More About Endometriosis


can be difficult to treat or eliminate.  Unfortunately, many women who have this disease go undiagnosed. Others may receive incomplete or improper treatment, leaving them with severe pain that can interfere with daily activities, work, leisure and intimacy.  Without timely diagnosis and treatment, endometriosis can even leave a woman infertile.  The physician you choose and the method of therapy for treating this disease can make critical difference in the outcome.

Dr. Biggerstaff has dedicated over 30 years to diagnosing and treating endometriosis.

He is one of a few dozen physicians across the country who routinely excise deep invasive endometriosis. Some women come to Dr. Biggerstaff already knowing they have endometriosis, usually as a result of prior surgery. Others have symptoms or findings from a pelvic examination that strongly suggest the presence of endometriosis.

Endometriosis can cause pain, among pre-teen and teen-aged girls shortly after they begin menstruation; or among older women after hysterectomy; or, on occasion, after menopause.  Endometriosis is not the only source of pelvic pain but it is a major cause of it, and it affects millions of women worldwide.

Recent evidence shows an association between endometriosis and a type of ovarian cancer. This makes it all the more important to excise all visible endometriosis rather than simply superficially cauterizing it.



is a condition similar in appearance and symptoms to endometriosis.  It differs from endometriosis in that microscopically the tissue looks like the inside of the fallopian tube, rather than like the lining of the uterus. Endosalpingiosis is diagnosed and treated the same way as endometriosis. This is another photo of endometriosis seen at the time of laparoscopy or laser surgery. Click to enlarge.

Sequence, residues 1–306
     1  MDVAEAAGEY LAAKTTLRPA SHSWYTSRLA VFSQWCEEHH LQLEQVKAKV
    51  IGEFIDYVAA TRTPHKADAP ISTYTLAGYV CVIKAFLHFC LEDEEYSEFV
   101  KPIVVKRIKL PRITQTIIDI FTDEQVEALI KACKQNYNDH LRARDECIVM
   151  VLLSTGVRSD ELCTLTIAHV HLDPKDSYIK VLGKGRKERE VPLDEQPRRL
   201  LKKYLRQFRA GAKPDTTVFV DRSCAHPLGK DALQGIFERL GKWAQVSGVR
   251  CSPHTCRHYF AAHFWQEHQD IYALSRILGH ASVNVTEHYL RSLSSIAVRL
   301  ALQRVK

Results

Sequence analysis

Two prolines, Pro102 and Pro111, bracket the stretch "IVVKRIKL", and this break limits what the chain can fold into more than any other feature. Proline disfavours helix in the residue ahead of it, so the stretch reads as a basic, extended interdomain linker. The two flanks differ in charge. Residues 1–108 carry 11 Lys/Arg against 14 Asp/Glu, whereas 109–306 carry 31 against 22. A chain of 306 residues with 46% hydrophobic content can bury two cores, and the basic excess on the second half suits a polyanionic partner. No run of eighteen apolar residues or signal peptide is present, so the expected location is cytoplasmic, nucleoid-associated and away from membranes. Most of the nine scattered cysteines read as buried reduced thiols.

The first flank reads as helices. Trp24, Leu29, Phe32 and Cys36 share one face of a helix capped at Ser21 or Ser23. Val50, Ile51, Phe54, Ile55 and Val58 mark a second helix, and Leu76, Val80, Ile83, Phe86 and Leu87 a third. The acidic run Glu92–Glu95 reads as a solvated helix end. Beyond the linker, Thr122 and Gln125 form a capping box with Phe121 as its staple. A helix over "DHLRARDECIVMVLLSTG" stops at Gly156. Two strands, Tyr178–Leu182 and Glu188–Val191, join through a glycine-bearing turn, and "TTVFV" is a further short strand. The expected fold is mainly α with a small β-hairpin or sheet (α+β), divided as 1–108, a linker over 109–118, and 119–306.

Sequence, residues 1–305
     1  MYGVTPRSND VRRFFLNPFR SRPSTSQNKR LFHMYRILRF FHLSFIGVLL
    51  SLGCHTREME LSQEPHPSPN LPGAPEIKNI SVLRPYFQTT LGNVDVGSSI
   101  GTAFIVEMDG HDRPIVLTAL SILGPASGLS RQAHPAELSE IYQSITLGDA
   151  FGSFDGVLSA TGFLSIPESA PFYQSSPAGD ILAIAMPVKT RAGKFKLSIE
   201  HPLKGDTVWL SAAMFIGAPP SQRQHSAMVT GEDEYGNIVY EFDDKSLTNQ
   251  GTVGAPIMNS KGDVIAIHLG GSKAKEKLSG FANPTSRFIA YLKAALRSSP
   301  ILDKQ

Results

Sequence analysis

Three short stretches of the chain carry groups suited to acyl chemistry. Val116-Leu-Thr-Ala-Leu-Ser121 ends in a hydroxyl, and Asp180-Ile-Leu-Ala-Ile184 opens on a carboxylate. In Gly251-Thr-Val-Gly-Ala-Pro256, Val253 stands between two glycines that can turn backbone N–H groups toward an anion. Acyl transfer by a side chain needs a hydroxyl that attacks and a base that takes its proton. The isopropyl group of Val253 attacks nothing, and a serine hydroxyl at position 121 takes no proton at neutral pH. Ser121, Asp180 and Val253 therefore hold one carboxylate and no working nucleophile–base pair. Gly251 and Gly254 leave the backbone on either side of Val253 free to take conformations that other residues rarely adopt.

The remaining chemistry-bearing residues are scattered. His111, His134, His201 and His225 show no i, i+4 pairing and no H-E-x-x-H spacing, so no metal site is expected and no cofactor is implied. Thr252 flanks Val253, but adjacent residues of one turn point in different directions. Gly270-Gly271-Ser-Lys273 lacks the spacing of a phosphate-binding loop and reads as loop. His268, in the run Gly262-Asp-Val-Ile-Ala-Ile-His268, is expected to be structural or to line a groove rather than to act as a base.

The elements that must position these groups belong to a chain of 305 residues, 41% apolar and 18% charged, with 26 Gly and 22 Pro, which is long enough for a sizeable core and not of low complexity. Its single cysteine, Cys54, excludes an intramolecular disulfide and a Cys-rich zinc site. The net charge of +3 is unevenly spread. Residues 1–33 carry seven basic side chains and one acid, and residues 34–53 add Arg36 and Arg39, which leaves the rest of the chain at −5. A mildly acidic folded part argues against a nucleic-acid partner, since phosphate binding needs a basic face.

What causes Endometriosis?

The cause of endometriosis is uncertain. Why some women develop endometriosis and not others is simply not known. There are several theories, but none of them explains all cases. Sampson’s theory suggests that menstrual flow backwards into the fallopian tubes and abdomen allows attachment and growth of endometrial tissue. Another theory notes the presence or absence of certain chemicals that may stimulate the growth of endometriosis cells from multi-potential cells (cells in the body that can become many different types of tissue). Still another theory holds that endometrial tissue may travel to areas outside the uterus through blood vessels or the lymph system. A great deal of medical research is looking at the effect of the immune system on the development of endometriosis.

Symptoms of Endometriosis

How do I know if I have endometriosis? Some women with endometriosis have no symptoms at all.  More common symptoms may include:

  • heavy menstrual flow
  • pain in the pelvis or low back before or during the menstrual period
  • severe menstrual cramps
  • pain on deep penetration with sex
  • pain during bowel movements, sometimes with diarrhea during menses
  • burning on urination, often during the menstrual cycle
  • infertility (difficulty becoming pregnant)


If I have pain or infertility, how do I know the cause is endometriosis?

A suspicion that you may have endometriosis is based on history and physical exam.  Unfortunately, ultrasound, CT, or MRI cannot consistently diagnose or exclude endometriosis.  The only way to diagnose and to determine the presence and amount of endometriosis is with laparoscopy. This is an outpatient surgical procedure done under general anesthesia. 
Dr. Biggerstaff inserts a small telescope-like instrument called a laparoscope through an incision in the navel to look at the organs in the abdomen and pelvic cavity.  With laparoscopy, the size, location, and number of endometrial growths can be seen.  If endometriosis is seen or suspected, the tissue is removed to confirm the diagnosis and to treat the condition.


The information provided by Advanced Healthcare for Women and E. Daniel Biggerstaff, III, M.D. is for informational purposes only. As each woman is unique, do not rely on this information for diagnosis and treatment. We cannot guarantee the accuracy of the content and advise that you see a qualified Health Care Professional for individual needs and care.

 Advanced Healthcare for Women
5354 Reynolds Street, Suite 518
Candler Professional Building
Savannah, Georgia 31405
Telephone 912-355-7717
Fax 912-355-0979